Athens, 21 October 2019
The research and innovation project HAMLET, funded by the European Commission under the Horizon 2020 programme, has reached the end of its contractual lifetime in May 2019.
The HAMLET project developed a hybrid photonic integrated platform that exploits the full potential of the microwave photonics technology and paves the way for introducing novel optical transceivers to the 5G ecosystem to seamlessly interface the optical fronthaul and radio access at the remote antenna units.
HAMLET came with the advent of 5G networks that will undoubtedly enable huge advances in important technology fields revolutionizing lives, economies and societies in exciting ways, through a wide range of new services and innovative applications. However, those novel applications are directly related with demanding system requirements, in terms of carrier frequency, bandwidth, dynamic range, size, power consumption, tunability, and immunity to electromagnetic interference and can be fulfilled by leveraging the advances in the microwave photonics (MWP) technology.
HAMLET's ambition is to develop and make available the MWP solution that fills the gap and the pursued need for a dedicated photonic integration platform, tailored to the needs of the 5G networks and capable of providing the required on-chip functionality.
HAMLET project aimed to disrupt the field of 5G networking, by developing a hybrid low-loss and a low-power consuming photonic integration platform, which enables the integration of a large number of photonic structures, providing in that way on-chip analog signal processing functionalities. Towards this end, HAMLET brought together the excellence and expertise of five European partners with leading position in the design, fabrication and packaging of polymer and silicon Photonic Integrated Circuits (PIC):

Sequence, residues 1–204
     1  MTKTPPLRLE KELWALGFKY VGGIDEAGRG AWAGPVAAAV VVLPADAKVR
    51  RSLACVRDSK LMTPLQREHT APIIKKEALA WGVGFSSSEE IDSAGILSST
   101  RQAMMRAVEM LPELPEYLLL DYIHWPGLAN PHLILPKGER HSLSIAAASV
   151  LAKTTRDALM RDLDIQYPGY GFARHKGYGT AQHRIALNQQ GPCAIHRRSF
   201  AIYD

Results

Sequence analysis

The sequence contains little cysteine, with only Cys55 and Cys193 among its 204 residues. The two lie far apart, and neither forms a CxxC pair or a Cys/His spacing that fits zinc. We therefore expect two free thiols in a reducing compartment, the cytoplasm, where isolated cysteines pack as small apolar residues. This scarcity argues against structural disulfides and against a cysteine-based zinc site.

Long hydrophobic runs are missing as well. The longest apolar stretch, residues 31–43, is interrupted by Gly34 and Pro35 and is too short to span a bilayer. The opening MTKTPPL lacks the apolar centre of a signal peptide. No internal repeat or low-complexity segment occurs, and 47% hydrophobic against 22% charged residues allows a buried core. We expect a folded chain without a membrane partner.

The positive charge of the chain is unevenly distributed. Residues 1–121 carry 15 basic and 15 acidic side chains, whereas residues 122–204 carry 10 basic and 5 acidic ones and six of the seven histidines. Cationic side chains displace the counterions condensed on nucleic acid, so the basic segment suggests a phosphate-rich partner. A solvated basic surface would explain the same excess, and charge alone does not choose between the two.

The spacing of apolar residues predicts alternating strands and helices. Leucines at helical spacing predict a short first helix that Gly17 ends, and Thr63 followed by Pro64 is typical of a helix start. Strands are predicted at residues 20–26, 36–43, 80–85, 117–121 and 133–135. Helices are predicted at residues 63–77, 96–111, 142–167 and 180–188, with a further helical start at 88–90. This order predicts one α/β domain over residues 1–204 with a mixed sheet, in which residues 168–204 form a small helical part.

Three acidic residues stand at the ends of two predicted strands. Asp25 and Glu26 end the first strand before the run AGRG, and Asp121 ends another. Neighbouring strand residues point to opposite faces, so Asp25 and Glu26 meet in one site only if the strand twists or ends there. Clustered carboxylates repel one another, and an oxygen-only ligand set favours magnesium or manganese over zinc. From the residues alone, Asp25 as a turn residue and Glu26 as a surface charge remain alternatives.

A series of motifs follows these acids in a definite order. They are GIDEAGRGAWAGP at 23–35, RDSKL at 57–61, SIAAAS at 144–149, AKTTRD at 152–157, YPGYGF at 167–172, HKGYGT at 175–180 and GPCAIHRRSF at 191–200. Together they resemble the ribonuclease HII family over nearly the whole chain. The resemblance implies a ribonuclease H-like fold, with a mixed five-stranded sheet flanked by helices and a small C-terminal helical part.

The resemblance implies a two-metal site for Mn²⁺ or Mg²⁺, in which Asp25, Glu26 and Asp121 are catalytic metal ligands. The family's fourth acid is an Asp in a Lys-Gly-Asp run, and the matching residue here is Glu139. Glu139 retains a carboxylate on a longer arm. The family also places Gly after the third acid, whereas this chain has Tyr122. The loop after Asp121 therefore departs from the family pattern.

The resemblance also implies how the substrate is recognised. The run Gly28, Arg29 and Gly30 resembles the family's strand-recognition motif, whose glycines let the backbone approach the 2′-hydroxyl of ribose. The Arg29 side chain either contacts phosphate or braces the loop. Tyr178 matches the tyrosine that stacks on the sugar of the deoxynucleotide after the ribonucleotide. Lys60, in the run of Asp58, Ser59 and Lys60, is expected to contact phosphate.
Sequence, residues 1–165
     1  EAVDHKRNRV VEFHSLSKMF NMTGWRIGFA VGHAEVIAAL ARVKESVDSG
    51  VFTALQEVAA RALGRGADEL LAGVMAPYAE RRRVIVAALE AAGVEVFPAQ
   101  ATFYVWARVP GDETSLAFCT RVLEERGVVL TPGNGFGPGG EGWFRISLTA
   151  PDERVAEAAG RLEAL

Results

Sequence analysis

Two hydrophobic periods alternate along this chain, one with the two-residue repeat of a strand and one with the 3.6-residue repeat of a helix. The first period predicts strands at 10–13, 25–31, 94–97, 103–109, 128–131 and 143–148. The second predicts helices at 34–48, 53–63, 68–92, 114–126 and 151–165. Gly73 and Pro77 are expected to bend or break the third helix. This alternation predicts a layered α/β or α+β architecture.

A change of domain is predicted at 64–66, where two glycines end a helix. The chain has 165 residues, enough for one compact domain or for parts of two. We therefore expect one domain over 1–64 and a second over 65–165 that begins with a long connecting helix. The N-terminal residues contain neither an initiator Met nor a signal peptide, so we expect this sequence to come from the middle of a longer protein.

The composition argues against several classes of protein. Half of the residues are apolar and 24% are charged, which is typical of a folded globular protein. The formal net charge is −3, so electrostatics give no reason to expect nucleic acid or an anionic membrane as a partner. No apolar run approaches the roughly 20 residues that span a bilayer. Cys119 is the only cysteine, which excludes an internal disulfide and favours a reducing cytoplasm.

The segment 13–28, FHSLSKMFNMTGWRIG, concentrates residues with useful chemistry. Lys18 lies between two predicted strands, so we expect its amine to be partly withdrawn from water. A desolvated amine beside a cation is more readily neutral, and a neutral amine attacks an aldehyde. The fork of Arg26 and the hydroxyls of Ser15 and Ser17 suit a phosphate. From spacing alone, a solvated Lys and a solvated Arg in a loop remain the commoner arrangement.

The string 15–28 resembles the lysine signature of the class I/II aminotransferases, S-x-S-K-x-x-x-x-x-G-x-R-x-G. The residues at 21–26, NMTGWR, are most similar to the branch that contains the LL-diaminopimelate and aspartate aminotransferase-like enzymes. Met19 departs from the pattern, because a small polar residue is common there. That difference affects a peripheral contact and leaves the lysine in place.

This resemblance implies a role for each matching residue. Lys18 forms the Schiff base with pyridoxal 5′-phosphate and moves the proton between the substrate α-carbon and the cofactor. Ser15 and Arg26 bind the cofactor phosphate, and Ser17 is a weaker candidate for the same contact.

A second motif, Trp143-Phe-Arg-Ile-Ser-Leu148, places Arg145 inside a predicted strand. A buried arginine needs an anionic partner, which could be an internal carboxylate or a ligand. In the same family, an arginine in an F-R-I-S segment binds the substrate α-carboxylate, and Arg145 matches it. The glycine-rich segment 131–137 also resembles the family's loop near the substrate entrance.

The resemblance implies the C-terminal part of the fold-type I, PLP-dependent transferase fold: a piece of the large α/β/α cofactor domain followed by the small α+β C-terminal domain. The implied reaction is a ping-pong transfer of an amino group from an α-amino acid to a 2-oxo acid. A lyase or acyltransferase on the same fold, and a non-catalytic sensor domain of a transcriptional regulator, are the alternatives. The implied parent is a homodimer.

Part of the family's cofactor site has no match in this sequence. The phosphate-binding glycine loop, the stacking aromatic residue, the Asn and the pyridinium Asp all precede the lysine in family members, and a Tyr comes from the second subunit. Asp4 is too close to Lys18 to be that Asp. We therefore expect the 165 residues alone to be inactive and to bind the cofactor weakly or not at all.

(i) the Institute of Communications and Computer Systems of the National Technical University of Athens (ICCS/NTUA) (Greece) that coordinated the whole endeavor and contributed to the design, simulation and characterization/testing of HAMLET modules;
(ii) LioniX International (The Netherlands) that provided the silicon-nitride platform (TriPleX);
(iii) Fraunhofer Heinrich-Hertz Institute (Germany) that provided the polymer platform (PolyBoard);
(iv) SolMateS B.V. (The Netherlands) that set up a Pulsed Laser Deposition (PLD) reactor and developed a deposition process, enabling high-quality Piezoelectric–Lead Zirconate Titanium (PZT) deposition on TriPleX and
(v) Cordon Electronics Italia (Italy) that took up the crucial part of hybrid integration of TriPleX and PolyBoard, as well as the assembly and packaging of HAMLET modules.